so, to answer your points in summary:

- dce 1.22 is not open source. it works on specific platforms.

- dce 1.1 is (was), it's OSF/1 BSD license. yes, it didn't work :)

- freedce is OSF/1 BSD, with GPL thread library for linux, which we're going to APRitise which will make the whole of freedce more portable (at least, that's the aim :)

- freedce is autoconf'd, dce 1.N is not.

regarding your other point about swallowing dce/rpc: yes, you're right. NT swallowed dce/rpc whole, well over ten years ago, with the result that it's now an accepted and integrated part of the infrastructure such that any people at microsoft reading this article are going to look bewildered and confused, wondering what all the fuss is about :)

i'd like to see freedce mature to the point where it gains that same level of bedrock stability and acceptance. once there are a few serious applications available (DCOM, Exchange, MSSQL, NT Domains for Unix), then i think that it'll get there.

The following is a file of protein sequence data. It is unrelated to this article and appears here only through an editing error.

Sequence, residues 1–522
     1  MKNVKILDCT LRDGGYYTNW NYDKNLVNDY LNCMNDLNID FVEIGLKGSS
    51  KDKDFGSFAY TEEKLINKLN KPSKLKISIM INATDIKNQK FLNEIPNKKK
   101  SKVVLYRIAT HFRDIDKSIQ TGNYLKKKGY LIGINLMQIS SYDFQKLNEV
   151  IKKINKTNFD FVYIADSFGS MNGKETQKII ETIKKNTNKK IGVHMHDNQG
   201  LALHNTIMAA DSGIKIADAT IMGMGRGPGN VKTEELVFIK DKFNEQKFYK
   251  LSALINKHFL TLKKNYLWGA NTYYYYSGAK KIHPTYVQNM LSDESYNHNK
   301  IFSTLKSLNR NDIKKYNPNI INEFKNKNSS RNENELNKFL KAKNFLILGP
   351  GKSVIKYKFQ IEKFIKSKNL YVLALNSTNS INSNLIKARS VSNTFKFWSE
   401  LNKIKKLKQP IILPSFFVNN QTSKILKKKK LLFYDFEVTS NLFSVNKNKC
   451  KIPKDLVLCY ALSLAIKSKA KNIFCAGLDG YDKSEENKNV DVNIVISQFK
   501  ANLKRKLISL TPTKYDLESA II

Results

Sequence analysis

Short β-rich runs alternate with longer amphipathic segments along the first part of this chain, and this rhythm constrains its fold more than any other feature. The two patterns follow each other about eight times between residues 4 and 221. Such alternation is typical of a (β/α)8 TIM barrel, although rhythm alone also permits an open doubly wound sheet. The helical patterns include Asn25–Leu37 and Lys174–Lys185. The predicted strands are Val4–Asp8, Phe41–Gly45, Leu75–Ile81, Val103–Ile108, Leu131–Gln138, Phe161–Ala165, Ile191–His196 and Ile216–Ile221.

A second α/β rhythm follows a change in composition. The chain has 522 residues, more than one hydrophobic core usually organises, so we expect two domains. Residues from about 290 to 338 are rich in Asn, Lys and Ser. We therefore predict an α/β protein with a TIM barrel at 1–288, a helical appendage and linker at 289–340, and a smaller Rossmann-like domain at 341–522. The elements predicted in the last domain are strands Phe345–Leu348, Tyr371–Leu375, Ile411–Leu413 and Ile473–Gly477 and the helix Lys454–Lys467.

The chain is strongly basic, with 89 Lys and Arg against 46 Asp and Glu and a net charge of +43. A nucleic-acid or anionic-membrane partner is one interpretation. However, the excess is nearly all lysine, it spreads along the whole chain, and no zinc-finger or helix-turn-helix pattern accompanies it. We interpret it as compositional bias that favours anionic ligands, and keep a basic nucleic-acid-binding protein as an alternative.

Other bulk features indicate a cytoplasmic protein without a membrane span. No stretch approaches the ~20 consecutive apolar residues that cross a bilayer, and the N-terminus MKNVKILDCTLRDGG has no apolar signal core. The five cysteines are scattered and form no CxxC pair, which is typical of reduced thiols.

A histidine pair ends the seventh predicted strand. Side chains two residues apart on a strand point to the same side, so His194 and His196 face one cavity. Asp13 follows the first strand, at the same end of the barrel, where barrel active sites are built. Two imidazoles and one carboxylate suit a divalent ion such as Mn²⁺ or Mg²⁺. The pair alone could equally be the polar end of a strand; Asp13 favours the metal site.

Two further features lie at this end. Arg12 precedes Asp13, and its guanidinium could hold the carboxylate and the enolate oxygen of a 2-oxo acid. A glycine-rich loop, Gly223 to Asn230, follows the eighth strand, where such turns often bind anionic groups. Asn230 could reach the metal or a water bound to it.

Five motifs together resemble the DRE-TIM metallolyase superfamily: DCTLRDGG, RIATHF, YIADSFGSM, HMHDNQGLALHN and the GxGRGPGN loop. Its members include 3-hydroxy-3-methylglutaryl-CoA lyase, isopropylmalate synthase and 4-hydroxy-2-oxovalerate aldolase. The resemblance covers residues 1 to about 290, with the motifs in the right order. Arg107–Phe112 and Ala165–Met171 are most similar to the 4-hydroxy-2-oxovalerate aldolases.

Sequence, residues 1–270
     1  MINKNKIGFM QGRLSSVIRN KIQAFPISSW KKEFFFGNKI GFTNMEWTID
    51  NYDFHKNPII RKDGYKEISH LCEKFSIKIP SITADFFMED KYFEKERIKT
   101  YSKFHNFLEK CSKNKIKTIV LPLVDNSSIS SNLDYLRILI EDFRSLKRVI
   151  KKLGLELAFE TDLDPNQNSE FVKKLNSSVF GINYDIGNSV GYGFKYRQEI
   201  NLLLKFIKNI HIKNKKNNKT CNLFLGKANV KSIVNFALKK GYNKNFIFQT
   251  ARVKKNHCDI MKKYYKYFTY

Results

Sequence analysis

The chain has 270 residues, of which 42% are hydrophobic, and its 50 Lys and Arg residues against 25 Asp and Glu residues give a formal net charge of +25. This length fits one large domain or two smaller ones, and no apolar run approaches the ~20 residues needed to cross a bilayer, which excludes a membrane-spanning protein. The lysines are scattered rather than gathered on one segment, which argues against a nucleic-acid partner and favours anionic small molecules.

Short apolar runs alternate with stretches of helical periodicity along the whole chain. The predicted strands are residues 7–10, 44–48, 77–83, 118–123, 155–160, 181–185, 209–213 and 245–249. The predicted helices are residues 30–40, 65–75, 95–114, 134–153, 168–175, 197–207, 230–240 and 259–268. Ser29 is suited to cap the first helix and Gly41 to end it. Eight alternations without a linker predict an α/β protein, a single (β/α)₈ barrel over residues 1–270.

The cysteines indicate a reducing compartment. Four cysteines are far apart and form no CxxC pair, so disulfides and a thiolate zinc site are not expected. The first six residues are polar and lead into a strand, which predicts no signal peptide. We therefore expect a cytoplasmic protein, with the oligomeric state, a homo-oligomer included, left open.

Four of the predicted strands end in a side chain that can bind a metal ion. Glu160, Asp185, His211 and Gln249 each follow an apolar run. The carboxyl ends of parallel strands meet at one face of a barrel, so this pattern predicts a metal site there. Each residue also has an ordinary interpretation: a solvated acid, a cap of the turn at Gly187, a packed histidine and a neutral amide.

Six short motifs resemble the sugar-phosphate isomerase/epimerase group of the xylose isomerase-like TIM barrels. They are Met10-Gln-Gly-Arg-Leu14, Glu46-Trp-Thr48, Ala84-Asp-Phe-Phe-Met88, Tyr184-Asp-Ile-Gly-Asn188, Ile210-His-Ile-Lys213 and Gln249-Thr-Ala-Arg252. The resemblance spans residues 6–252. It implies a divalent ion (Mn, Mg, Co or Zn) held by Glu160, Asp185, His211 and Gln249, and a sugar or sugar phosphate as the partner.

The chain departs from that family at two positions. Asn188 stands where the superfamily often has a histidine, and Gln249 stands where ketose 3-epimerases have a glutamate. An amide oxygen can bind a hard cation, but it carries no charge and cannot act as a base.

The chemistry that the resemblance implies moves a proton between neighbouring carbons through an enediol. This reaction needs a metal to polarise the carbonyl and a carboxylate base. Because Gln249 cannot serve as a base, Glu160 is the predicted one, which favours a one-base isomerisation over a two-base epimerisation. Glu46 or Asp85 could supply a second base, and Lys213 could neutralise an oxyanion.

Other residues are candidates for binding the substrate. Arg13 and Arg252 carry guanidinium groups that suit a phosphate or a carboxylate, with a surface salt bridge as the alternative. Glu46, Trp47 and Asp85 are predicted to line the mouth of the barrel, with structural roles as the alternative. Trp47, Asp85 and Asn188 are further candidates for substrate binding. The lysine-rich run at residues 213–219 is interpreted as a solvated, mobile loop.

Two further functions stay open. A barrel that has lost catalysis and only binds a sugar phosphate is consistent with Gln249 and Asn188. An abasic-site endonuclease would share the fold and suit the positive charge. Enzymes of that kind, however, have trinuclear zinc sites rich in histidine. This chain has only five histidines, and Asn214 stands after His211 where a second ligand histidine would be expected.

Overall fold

it's a chicken and egg problem. if you don't have the infrastructure available, you don't have the infrastructure available.

remember: _this_ is the technology that is the interoperability bridge that eric raymond noted is so damn wide that i don't think even _he_ realised it's a yawning chasm, not a gap.

if you want to live in a polarised world forever, stay away from freedce.

if you ever want to help take away some of microsoft's monopoly and give _real_ people the chance to choose linux, help with freedce-related projects, with WIne, and others.

gradient / entegrity, posted 5 Sep 2001 at 01:03 UTC by lkcl » (Master)

for those people interested: here's a reference to a commercial dce/rpc vendor who have been in the game for years: they even ported dce/rpc to DOS, and are planning a linux port that keeps moving around, presumably because gradient was recently acquired by gradient.

in particular, one quote stands out:

Gradient DCE is the most widely accepted, enterprise-wide solution for developing and deploying secure distributed applications. DCE is used by the largest companies in the world to implement mission-critical high-performance applications in the intranet.